Millions of cars operate on thousands of miles of public roads that are maintained in the city of Los Angeles. Unfortunately books about driving are not as appealing to publishers as are diet and exercise books. The California Department of Motor Vehicles (DMV) updates and distributes a small handbook for drivers. However there is a dearth of new and updated books about driving, which might soon be populated by books on self-driving cars. Enter Ben Collins, professional racing car driver for Top Gear, NASCAR, and the James Bond movies. This is how Collins waxes poetic in the introduction about his skills, "I'll show you how to drive more smoothly than a jazz band surfing a soap dish down a butter mountain. You'll be so sexy through the curves that your passengers will need a cold shower after every journey." How's that for a driving instructor? That's the kind of language Collins deploys now and then. A taste of British humor perhaps and not written by a professional driver? But don’t say ghostwritten just yet. Collins studied law at the University of Exeter; he was born in 1975 in Bristol, England, and still lives there.
The book is organized into four parts, with generous illustrations to highlight various points. The first part delves into a brief history of driving, and underlines the reason why two-thirds of the world's population drives on the right side of the road, or, to Collins, " ... the wrong side of the road, using the weaker left eye to check the left side mirror and pass other cars." In ancient Rome, an empire that stretched from Syria to Hadrian’s Wall in northern England, horse-drawn carriages stayed on the left-hand side of the road. The habit is based on the idea that most human beings are right-handed and right-eye dominant. Now things changed when Napoleon Bonaparte came into the picture. The short of it is that Napoleon was left-handed, and imposed the keep-right rule across Europe.
Parts two and three are the book's driving forces, where Collins likens the car to a beast that, " ... connects your consciousness with a miracle of engineering that will transport you to the center of the universe." Before driving the beast, Collins urges you to center your universe on the basics: check your driving position, your seat-belt, and your mirrors, among other things. It’s the initial set-up to becoming a "smooth operator," the kind of driver who understands the relationship between speed and acceleration. The chapter goes deep into the subject of braking, and offers ample discussions on braking techniques and the difference between thinking distance and braking distance. Collins wants you " ... to channel your inner Jedi Master” and observe everything in your environment. Don’t trust anything you can’t see clearly, such as hidden entrances and hidden curves. But most of all, drivers must trust their instincts: if something’s not right, then it probably isn’t.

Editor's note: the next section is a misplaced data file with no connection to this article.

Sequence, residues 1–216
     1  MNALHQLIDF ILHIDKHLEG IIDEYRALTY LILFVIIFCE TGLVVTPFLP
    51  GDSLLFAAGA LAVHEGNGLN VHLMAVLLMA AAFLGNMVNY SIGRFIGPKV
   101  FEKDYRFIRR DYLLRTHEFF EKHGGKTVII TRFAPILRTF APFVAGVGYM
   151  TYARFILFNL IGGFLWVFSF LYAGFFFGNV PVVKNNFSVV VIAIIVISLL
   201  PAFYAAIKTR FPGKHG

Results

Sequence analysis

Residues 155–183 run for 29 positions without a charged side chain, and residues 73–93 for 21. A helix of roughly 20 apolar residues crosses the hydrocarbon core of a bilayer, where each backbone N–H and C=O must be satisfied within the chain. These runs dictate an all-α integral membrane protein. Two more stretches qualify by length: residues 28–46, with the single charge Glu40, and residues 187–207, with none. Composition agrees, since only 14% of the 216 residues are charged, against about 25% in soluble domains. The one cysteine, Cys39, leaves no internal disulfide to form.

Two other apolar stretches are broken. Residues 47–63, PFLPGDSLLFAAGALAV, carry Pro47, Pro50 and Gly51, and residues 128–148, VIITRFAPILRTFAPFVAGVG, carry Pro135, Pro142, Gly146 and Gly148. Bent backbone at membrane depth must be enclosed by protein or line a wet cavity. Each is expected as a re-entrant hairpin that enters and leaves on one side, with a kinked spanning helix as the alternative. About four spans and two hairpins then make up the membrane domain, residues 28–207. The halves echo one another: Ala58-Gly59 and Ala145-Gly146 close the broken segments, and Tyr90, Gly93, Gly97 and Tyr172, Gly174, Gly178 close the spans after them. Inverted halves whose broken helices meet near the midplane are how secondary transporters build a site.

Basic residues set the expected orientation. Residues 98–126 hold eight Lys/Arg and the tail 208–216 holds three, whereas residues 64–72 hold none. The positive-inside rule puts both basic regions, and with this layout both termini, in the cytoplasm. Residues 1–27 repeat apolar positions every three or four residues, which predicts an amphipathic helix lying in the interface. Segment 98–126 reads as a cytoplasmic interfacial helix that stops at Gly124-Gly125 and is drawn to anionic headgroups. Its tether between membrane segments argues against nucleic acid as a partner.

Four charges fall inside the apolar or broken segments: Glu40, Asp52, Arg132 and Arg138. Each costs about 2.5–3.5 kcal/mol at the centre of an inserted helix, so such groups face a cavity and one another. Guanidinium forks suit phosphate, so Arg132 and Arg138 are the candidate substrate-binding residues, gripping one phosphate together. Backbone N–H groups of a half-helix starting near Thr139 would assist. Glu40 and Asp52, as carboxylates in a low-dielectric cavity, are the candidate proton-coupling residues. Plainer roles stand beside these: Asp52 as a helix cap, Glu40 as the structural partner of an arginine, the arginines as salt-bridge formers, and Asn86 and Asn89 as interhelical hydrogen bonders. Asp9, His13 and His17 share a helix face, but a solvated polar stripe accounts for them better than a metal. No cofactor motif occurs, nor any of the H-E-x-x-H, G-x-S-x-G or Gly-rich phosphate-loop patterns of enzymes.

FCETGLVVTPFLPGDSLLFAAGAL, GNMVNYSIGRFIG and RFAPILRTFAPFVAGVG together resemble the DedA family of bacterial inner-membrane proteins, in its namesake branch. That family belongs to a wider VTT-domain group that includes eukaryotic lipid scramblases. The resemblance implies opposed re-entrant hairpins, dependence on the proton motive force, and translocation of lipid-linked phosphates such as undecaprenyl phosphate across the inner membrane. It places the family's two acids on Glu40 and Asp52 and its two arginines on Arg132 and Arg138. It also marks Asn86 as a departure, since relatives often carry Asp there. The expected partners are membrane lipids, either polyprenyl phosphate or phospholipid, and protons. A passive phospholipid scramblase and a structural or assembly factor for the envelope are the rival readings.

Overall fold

In the last chapter, Collins embeds emergency measures, as he writes about skidding, understeering, oversteering, recovering from a spin, hydroplaning, tire blowouts, and pulse braking on slippery surfaces, to name a few. In pulse braking, you apply and release pressure on the brakes, over and over again; it’s a loop that creates small windows of grip on the road. The faster you do the loop or pulse the better. The tip is a nice prelude into the chapter’s final section, which argues that stunt driving deserves a place in how-to-drive handbooks. To Collins, these techniques are not just stunts in a Hollywood set that forces the car to dance or do certain things, but are potential ways of evading a threat, even if they “ ... represent the theoretical outer limits of what is possible.” That’s why Collins has been invited to teach stunt skills to law enforcement operatives. And I assume some of those skills include the hand-brake-180 turn, parallel parking stunt 90, and the J-turn. But the star of this section is probably the donut black-belt turn, and drifting, that are the kinds of stunts you might associate with the lean, but somewhat humorless, James Bond of Daniel Craig.
In general I had trepidations discussing stunt techniques and high-performance driving in a how-to-drive guidebook marketed for regular drivers. Basic driving is deadly enough, but pushing your car to the “outer limits” is a kind of tease for those (young and old), who do all kinds of dangerous stunts on city streets. Some of them end up in emergency rooms, and, at times, the morgue. We have heard those sad, depressing stories on the news. Indeed, the quest for cool is an eternal Hollywood staple, from Jim Stark’s chickie-run in Rebel Without a Cause, to the muscle-bound elite street-racers of The Fast & the Furious franchise. It’s an old story: movies and real life feed each other. But perhaps the biggest quest of all is the race into the galaxy of being a safe and better driver. So I say give Collins a chance: the book contains numerous tips and reminders for the Jedi Master in you, slowly merging into the starfleet of smooth operators we want everyone to be.